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WASHINGTON — The transportation committee in the U.S. House of Representatives is likely to consider a long-awaited highway bill early next year, Rep. Peter DeFazio, the chamber’s top transportation policymaker, said in an exclusive interview with Transport Topics.
The legislation’s timing would depend on the committee’s pace this fall evaluating potential provisions related to climate resilience, autonomous technology and efforts to improve fuel efficiency, among others. The bill’s objective, DeFazio explained, would be transitioning from the Eisenhower-era concept of highways to a new framework that embraces modern technology.
The Oregon Democrat and chairman of the Transportation and Infrastructure Committee spoke from his quaint Capitol Hill office — decorated with Pacific Northwest memorabilia and frames of idyllic vistas — on Sept. 19, nearly two months after his Senate counterparts passed key aspects of the first major highway bill in the Trump era.
“We’re not rushing the bill. There’s no reason, absent new funding, to rush the bill. And we’re beginning drafting parts of it now, and we’re also continuing to meet with stakeholders,” DeFazio said. “I would hope we’ll be far along by the end of the year and could mark up a bill early next year. Then it goes to Ways and Means [tax-writing committee] for funding.”
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Senate committees that oversee freight and the country’s premier highway funding account have yet to incorporate their proposals into that chamber’s highway bill. The Senate’s inaction is influencing the pace in the House.
The funding question notwithstanding, another obvious hurdle for advancing infrastructure policy is the state of politics in the country. House Speaker Nancy Pelosi (D-Calif.) on Sept. 24 announced a formal impeachment inquiry of Donald Trump, likely paralyzing negotiations between the parties.
Still, broad agreement exists on Capitol Hill that a comprehensive update of the country’s infrastructure landscape would pave the way for greater freight connectivity and other improvements in small towns and large cities. Yet policymakers disagree on which sustainable source of funding to apply for an infrastructure measure.
The Highway Trust Fund, the federal standard for assisting states with surface transportation maintenance, is backed by insufficient revenue collected from the gas and diesel tax. The account’s current funding authorization expires in the fall of 2020. Stakeholder groups continue to urge Congress to raise and index the fuel tax, a proposition deemed politically radioactive by many Hill lawmakers. DeFazio has noted American Trucking Associations’ proposal of adopting a 20-cents-per-gallon fee on motor fuels collected at the wholesale rack and phased in over four years at 5 cents annually. And, he is unconvinced a vote to slightly raise the tax would be perilous.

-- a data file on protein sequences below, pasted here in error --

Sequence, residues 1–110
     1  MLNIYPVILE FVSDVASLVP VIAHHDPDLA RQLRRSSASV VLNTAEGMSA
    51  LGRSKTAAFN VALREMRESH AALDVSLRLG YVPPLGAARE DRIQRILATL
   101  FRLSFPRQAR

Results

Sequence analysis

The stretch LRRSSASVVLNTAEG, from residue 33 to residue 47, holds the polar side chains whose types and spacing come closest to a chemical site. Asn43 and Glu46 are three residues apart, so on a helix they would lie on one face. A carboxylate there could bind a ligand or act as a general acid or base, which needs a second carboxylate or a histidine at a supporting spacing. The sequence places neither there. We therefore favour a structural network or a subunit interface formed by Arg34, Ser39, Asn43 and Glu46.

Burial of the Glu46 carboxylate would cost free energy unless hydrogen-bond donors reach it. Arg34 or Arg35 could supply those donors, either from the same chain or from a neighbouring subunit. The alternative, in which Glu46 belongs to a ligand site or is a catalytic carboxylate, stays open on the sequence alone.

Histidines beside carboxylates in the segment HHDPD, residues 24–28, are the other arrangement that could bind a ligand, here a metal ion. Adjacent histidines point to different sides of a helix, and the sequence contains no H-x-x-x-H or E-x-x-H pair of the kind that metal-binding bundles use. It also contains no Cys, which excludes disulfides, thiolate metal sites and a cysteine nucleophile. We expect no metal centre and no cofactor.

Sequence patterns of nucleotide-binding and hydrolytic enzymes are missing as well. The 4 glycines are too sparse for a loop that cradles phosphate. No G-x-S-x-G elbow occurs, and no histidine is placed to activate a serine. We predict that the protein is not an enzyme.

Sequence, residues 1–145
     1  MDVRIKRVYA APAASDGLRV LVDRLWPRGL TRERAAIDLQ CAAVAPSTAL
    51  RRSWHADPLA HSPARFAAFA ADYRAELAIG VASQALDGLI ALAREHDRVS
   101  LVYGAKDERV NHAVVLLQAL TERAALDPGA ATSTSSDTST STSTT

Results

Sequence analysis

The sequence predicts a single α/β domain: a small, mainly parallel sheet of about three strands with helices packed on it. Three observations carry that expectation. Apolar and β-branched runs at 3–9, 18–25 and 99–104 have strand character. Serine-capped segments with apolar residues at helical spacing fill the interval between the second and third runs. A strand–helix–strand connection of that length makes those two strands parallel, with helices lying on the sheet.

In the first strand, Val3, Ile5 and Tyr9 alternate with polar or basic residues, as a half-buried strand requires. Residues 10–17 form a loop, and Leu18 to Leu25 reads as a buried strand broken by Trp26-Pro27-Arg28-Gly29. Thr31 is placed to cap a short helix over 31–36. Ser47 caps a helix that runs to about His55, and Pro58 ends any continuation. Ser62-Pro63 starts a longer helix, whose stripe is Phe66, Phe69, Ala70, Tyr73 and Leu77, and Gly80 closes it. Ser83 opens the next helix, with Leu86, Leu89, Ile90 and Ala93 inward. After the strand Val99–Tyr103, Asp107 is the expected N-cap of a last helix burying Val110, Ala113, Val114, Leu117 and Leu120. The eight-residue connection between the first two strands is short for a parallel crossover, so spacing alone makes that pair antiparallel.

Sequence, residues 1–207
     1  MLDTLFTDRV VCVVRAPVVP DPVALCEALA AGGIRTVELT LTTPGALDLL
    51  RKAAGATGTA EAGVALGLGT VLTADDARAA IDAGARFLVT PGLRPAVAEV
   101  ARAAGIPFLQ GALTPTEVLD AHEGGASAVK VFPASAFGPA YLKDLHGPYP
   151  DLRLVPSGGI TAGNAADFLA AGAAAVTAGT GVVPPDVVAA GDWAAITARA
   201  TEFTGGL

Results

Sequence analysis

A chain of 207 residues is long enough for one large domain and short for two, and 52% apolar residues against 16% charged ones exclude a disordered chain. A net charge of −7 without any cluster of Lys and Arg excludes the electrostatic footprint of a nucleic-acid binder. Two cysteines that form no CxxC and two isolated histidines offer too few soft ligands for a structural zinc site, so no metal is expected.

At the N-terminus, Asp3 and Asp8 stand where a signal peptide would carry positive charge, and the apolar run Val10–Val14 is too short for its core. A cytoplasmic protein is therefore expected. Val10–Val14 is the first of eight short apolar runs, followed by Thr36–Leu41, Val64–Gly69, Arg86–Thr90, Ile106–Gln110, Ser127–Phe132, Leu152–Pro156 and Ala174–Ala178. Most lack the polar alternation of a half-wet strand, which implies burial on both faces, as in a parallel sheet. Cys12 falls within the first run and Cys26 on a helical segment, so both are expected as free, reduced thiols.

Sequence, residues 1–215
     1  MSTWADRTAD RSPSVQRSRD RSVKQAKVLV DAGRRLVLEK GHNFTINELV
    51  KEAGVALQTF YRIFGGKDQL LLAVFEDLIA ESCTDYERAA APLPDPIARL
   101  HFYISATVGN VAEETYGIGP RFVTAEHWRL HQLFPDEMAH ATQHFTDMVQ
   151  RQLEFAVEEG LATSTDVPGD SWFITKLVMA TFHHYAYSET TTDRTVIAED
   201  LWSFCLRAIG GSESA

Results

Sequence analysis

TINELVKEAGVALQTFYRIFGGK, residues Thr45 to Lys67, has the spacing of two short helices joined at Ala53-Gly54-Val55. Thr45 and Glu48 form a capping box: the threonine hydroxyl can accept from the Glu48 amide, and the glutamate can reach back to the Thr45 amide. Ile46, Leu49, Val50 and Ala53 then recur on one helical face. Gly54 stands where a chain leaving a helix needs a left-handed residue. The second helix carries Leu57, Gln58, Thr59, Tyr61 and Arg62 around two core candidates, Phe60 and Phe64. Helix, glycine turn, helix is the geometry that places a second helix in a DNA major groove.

“There’s always a lot of weak knees in Washington,” DeFazio said. “People want to get out of congestion. They’re tired of blowing out tires and getting out of alignment in potholes. I mean, the American people get it.”
DeFazio makes a point during a recent hearing. (Committee on Transportation & Infrastructure)
The federal fuel tax of 24.4 cents-per-gallon for diesel and 18.4 cents-per-gallon for gas was set during the Clinton administration.
Critics of a fuel tax increase point to charging motorists for the miles they travel as an alternative. DeFazio said he intends to explore the potential for initiating a nationwide vehicle miles travel fee program. He acknowledged, however, concerns from rural constituents. “People are not anxious to have the government tracking their movements,” he said.
Still, addressing the Highway Trust Fund’s woes will be a task for the Ways and Means panel, DeFazio emphasized. And, while there have been times he has seemed argumentative since he arrived on Capitol Hill in the mid-1980s, DeFazio expressed optimism about collaborating with Republicans. When this publication interviewed the chairman, Minority Leader Kevin McCarthy of California had called on Democrats to embrace bipartisanship to proceed with legislative priorities. “It’ll be great if McCarthy is serious and he’s changed his position, and is willing to fund infrastructure,” DeFazio said, reacting to the sentiment.
The year began with Trump insisting he’d pursue infrastructure policy with Democrats. At one point, the prospects of a $2 trillion infrastructure bill briefly garnered national headlines. Several back-and-forths later, high-level negotiations collapsed in May and each side blamed the other.
DeFazio recalled the negotiations: “I think the president wants to do it, did want to do it. He bid us up in the meeting from where Nancy started. He bid the revenues up, and I think most of that happened because [acting White House Chief of Staff] Mick Mulvaney was out of town.”
“I think he’s getting some argument from some people, particularly his political people, that he really needs an infrastructure bill. So, whether he’ll come back to the table or not, I don’t know. That would greatly facilitate things because then [Senate Majority Leader] Mitch McConnell says he’ll do whatever Donald Trump wants, and he won’t do anything Donald Trump doesn’t want; and, so far, Mitch McConnell is saying, ‘no gas tax, no diesel tax,’” DeFazio added. “And so, whether my leadership will want to pass a bill over here with significant funding with the prospects of nothing happening in the Senate, I can’t tell you. That’s a discussion yet to be had.”